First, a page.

Prologue: It’s a weird kind of poetic irony that my review for this week’s episode of Treme was postponed because of a hurricane. Even though we on the East Coast had all manner of warning coming at us, somehow I knew it could never be as bad as Katrina was for the Gulf, and this colored my eyes action. Still, the few vague inconveniences that we have suffered here in Washington, DC have opened my eyes to the true effort that goes into preparing for, enduring, and recovering from a storm, even if it isn’t as bad as Katrina. Sure, I filled my car with gas, stocked up on food, and watched the Weather Channel with religious fervency beforehand and have had to deal with blackouts, downed trees and minor flooding afterward. But in the context of the damage we’ve seen on Treme this is all just a drop in the bucket.
That’s the kind of veracity that Treme has always relied on, making it almost impossible to tell the fabrications from the truth. The mingling of fact and fiction is haunting, in some ways, because one can never tell how many of the big plot points are taken from reality or not, and how much they are informed by narrative necessity. This is, after all, the show that got a councilman to play himself in the run up to his eventual corruption charges.
That cognitive dissonance plays into two of the main story lines developing this year. The first is the continuing bureaucratic nightmare that is the remediation and destruction of New Orleans homes left in tatters after the storm. Desiree is still trying to understand what happened to her mother’s home. It turns out that some people are even worse off than her, pouring money into their houses only to come home to find their works-in-progress torns asunder. Desiree’s house was apparently marked as a health hazard, which is why it was destroyed in spite of her signs. Her friend rightly says, “It’s like they didn’t want us coming back. It’s like they have a plan.” ‘They’ in this case is the same development minds looking to make the Jazz Hall, in addition to the city council members who voted to destroy the projects.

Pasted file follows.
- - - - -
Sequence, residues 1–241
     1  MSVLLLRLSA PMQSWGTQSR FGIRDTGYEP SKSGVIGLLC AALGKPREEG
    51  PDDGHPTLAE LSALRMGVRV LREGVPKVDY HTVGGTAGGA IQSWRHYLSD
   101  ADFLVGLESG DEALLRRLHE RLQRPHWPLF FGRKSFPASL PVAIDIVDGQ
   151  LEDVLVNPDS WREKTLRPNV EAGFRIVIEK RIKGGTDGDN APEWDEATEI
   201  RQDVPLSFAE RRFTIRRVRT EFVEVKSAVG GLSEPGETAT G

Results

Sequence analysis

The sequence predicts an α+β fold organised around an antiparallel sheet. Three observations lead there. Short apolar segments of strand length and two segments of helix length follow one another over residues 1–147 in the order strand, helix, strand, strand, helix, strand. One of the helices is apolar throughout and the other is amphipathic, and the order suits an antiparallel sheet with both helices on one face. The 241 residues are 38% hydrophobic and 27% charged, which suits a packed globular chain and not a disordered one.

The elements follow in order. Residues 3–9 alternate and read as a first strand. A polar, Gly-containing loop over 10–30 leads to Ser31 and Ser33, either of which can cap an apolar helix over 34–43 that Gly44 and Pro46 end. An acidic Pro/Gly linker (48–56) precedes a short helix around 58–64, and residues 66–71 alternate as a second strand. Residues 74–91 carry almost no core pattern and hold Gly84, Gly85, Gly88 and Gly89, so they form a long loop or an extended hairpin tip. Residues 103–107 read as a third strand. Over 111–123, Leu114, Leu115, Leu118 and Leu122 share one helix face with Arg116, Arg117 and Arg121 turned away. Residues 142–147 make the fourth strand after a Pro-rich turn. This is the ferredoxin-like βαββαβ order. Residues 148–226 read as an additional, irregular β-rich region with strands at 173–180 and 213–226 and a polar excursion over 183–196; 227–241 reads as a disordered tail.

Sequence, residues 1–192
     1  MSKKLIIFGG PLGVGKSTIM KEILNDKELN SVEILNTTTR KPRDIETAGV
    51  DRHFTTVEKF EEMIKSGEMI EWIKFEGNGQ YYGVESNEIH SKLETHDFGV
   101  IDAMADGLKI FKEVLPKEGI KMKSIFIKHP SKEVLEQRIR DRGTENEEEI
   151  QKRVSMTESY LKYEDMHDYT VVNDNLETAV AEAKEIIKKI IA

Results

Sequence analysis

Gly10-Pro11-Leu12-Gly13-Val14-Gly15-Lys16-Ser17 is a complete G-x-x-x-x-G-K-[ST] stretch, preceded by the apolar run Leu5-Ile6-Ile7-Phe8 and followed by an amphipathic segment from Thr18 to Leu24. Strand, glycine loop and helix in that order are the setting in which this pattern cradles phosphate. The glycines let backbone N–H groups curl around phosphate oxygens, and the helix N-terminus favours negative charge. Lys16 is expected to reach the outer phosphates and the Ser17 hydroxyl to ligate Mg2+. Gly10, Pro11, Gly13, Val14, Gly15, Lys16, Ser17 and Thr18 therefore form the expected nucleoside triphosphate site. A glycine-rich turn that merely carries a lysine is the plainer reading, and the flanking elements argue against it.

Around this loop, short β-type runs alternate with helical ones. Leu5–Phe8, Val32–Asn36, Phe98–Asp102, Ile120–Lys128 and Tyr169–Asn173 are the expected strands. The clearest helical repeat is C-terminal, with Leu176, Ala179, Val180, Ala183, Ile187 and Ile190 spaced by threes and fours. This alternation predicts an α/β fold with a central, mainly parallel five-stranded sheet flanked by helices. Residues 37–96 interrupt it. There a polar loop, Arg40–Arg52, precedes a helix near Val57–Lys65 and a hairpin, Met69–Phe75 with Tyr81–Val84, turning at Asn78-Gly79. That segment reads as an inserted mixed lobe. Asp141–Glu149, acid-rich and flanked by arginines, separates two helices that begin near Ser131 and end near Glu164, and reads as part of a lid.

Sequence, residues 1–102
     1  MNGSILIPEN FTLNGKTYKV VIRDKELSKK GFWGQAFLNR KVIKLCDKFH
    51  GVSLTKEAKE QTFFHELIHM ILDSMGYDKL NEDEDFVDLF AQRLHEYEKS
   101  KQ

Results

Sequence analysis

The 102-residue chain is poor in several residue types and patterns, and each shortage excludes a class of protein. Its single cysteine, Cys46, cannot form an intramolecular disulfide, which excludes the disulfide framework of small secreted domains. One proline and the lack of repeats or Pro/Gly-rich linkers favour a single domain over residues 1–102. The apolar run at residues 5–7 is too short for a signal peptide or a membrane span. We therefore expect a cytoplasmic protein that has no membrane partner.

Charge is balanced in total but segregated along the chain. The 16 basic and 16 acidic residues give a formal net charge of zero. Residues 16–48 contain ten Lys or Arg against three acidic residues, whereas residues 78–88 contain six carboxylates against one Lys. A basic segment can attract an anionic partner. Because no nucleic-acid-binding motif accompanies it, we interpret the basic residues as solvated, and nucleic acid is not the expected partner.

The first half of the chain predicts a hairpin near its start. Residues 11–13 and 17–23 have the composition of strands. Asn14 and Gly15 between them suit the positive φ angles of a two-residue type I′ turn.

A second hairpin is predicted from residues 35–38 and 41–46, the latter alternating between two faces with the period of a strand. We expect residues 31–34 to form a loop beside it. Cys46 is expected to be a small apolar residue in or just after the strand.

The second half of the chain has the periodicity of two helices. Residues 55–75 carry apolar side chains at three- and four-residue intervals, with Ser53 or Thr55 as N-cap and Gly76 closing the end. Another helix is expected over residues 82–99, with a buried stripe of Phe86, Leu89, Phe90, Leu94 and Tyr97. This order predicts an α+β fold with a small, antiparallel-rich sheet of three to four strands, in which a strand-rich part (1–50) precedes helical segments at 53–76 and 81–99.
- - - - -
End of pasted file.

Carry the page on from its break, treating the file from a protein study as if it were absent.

Desiree, however, won’t take this lying down. With her typical fire and passion she observes, “They fucking with the wrong people this time… I need to find a way to fuck these people up the way they did to me.” To this end she is now working with Karen Gadbois, who is trying to uncover and correct the injustices done to those who were waiting for money from insurance to fix their homes. She knows the motivator is money, and even has a blog about the various stories revolving around the plot.
Nelson, meanwhile, is still trying to work his way back into the development game. He learns a large amount of information regarding the political gang fight that is keep urban redevelopment and remediation on the slow track. He is most interested in the Jazz Center, which Del has finally brought up with his father, Albert.
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